Instant gratification and the art of daydreaming

I admit it: I am addicted. To dating apps, checking every hour whether some around me is up for a good date or something quicker. To Instagram, swiping through the stories of my international friends, so I don’t even make it to the usual newsfeed. To Facebook, to see how much likes my latest blogpost got. And I am not the only one who is addicted. But is it healthy?

We call it the age of instant gratification. Nowadays we want everything and we want it now. Whether it is a food delivery service, an album on Spotify or sex.

Party is over

But after the first couple of years of excitement about all these new possibilities, the party seems to be over. We are showing addictive behaviour, taking out our smartphones 76 times a day and touching it (including swipes and clicks) an astonishing 2,617 times per day. We are feeling guilty about seeking guilty pleasures all the time. We are increasingly having shorter attention spans. Even the thought of having a smartphone with us is already stressing us out.

Hell, even the technology companies are alarmed by now. Apple has come up with mechanisms to limit screen time. And a group of former Google engineers last year published a list of tools that can help in having a quieter, less smartphone-addicted life.

To say this is hypocrite though, not to say Facebook-level-dishonesty, is an understatement. It is like when the drug dealer sold you coke and then tells you you should take off at least one day a week. Although it is commonly known that smartphones and their apps have exactly been programmed to take advantage of human weaknesses. See this TED talk by design guro Nir Eyal, who wrote the seminal books Hooked and Indistractable about these issues.

Culture of responsible tech

This self-regulation of the tech sector, which only seems to come after a lot of societal pressure, can only be a start to solve these problems. Creating a culture of responsible tech is another major step, so we can root out the problem at its cause, which is for example the ambition of the Humane Tech organisation.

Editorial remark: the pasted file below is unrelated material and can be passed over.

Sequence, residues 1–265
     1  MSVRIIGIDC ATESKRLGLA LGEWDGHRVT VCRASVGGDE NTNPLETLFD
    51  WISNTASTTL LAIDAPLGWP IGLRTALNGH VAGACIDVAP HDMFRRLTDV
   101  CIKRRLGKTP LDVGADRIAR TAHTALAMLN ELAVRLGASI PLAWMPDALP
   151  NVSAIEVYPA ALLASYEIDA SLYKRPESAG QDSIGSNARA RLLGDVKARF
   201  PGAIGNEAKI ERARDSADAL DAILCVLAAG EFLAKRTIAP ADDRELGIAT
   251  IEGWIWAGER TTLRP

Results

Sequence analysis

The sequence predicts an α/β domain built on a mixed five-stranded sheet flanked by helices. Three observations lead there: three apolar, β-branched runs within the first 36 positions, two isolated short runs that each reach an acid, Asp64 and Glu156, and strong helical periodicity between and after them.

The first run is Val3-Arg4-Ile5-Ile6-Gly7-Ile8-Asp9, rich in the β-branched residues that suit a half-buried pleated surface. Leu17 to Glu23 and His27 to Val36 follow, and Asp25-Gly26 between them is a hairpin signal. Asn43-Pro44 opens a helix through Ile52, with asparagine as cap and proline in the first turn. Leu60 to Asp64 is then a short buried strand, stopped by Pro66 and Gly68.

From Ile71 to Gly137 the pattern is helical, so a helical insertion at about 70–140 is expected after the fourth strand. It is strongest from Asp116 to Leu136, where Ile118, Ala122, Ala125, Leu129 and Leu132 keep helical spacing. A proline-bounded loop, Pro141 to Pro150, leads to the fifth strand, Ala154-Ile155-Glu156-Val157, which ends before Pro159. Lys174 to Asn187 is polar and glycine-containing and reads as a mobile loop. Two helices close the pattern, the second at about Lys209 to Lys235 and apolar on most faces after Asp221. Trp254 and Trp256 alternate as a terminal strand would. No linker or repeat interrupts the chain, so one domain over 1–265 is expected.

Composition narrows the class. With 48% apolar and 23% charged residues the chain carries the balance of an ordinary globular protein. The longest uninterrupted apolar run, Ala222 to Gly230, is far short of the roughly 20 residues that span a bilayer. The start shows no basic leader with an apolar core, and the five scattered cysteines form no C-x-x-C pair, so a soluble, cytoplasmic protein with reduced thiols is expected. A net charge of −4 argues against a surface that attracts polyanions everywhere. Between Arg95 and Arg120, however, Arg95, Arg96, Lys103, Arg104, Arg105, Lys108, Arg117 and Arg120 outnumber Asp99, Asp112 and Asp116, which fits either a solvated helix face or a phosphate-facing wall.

Programmers and UX designers make conscious decisions every step in the way to creating apps and smartphones. They shouldn’t only be considering criteria of technology, performance, usability and design: responsibility, accountability and transparency should be guiding principles along the way as well.

These principles should obviously not be left to the tech sector. There is a governmental job to be done here, to bake these guidelines into a regulatory framework AND to implement them in the educational system as well.

Art of daydreaming

That would go a long way towards eliminating smartphone addiction. And that’s also important, because this addictive behaviour has robbed us of the art of daydreaming.

In the old days we used to use the time in the doctor’s waiting room, or in the subway, or in the toilet break in the restaurant, to let our mind wander. Which gave us the time for our brains to come up with new connections and new ideas.

This art has been almost completely destroyed. In his latest book Farsighted, the American tech author Steven Johnson cites scientific research at the Medical College of Wisconsin from 1999, which shows that our brains are at their most active WHEN WE THINK THEY ARE RESTING AND DOING NOTHING. Exactly: the ‘time off’ is when our brains really start working. This is the time where the unique human trait of creativity gestates.

We don’t give ourselves this time anymore. There was a beautiful piece in Wired about the boredom of a several weeks long walk in Japan. There, the author rediscovered the art of daydreaming. Let’s try to limit our use of smartphone and claim that art back again, alright? At least I am trying to go for a long walk every weekend now. I only have to learn to buy paper tickets for the subway instead of electronic ones, so I don’t even need to take my smartphone with me anymore…